Nine Medical complications of Obesity

Jun 20, 2017,

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Obesity is defined as abnormal or excessive fat accumulation that presents a risk to health. A crude population measure of obesity is the body mass index (BMI), a person’s weight (in kilograms) divided by the square of his or her height (in meters). A person with a BMI of 30 or more is generally considered obese. A person with a BMI equal to or more than 25 is considered overweight. However, being overweight may also be due to increased muscle bulk (body builders, sport men), and large bone density (tall people).

Other parameters used to measure obesity include percentage of body fat, waist circumference, waist/hip ratio.

Key facts

  • Worldwide obesity has more than doubled since 1980
  • In 2014, more than 1.9 billion adults, 18 years and older, were overweight. Of these over 600 million were obese
  • 39% of adults aged 18 years and over were overweight in 2014, and 13% were obese
  • Most of the world's population live in countries where overweight and obesity kills more people than underweight
  • 41 million children under the age of 5 were overweight or obese in 2014
  • Obesity is preventable

 

If you are obese, losing even 5 to 10 percent of your weight can delay or prevent some of the associated chronic diseases. For example, that means losing 10 to 20 pounds if you weigh 200 pounds.

Causes of Overweight and Obesity

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 Obesity result from an energy imbalance. The body needs a certain amount of energy (calories) from food to keep up basic life functions. Body weight tends to remain the same when the number of calories eaten equals the number of calories the body uses or “burns.” Over time, when people eat and drink more calories than they burn, the energy balance tips toward weight gain, overweight, and obesity. Many factors can lead to energy imbalance and weight gain. They include genes, eating habits, how and where people live, attitudes and emotions, life habits (like inactivity and sedentary lifestyle), and income.

 


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Although children are in their growing stage and need a lot of growth and energy nutrient, they need to balance their energy too. The incidence of childhood obesity has been on the increase as we now see more physically inactive children (and adults) who spend hours watching TV and playing video games while snacking on processed foods and sugar beverages.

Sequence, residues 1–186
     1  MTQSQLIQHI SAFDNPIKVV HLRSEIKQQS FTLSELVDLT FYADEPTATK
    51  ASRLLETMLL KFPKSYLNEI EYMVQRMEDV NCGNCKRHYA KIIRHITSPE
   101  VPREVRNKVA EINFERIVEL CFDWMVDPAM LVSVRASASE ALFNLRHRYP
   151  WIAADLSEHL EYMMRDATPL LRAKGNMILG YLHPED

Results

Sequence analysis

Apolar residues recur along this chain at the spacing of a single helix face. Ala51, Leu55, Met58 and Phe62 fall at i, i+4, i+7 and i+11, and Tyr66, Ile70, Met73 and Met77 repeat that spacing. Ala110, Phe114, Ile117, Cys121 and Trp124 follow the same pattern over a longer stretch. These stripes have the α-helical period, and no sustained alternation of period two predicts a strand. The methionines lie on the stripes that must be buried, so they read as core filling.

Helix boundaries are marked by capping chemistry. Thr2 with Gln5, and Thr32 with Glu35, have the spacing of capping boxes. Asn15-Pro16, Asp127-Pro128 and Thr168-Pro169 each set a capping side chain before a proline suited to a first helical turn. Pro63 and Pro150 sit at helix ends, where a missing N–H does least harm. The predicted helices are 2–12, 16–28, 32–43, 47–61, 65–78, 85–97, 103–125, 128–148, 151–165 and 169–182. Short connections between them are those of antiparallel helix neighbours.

Obesity can be associated with several symptoms that interfere with daily activities and may eventually pose serious problems, these include:

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  1. - Breathlessness
  2. - Increased sweating
  3. - Snoring
  4. - Difficulty doing physical activity
  5. - often feeling very tired
  6. - Joint and back pain
  7. - Low confidence and self-esteem
  8. - Feeling isolated

 

Medical complications of obesity

Being obese can also increase your risk of developing many potentially serious health conditions, including:

 

 

* Type 2 Diabetes Mellitus – a metabolic condition in which there is high sugar in the blood because of a defective or deficient insulin.

* High blood pressure – a leading cause of mortality worldwide

* Atherosclerosis and Coronary Artery Disease – these are problems with blood vessels carrying blood to the heart, thereby causing heart disease and heart attack.

* Metabolic syndrome – a combination of diabetes, high blood pressure and obesity

* Cancers – Obese people are at risk of several cancers including breast and bowel cancers.

* Osteoarthritis – wear and tear of the weight-bearing joints over the years resulting in joint problems later in life.

* Infertility issues – Obese people may have problems achieving conception on time.

* Obstructive Sleep Apnoea – a condition that causes interrupted breathing during sleep, which can lead to daytime sleepiness with an increased risk of road traffic accidents, as well as a greater risk of diabetes, high blood pressure and heart disease

* Mental Health issues – Obese people may worry about their physical appearance and often have low self-esteem. Being obese can also affect your relationships with family and friends, and may lead to depression.
 

 

 

Obesity reduces life expectancy by an average of 3 to 10 years, depending on how severe it is. It's estimated that obesity and being overweight contribute to at least 1 in every 13 deaths in Europe.

References

http://www.nhs.uk/conditions/Obesity/Pages/Introduction.aspx

https://www.niddk.nih.gov/health-information/health-statistics/overweight-obesity

https://medlineplus.gov/obesity.html

http://www.who.int/mediacentre/factsheets/fs311/en/

 

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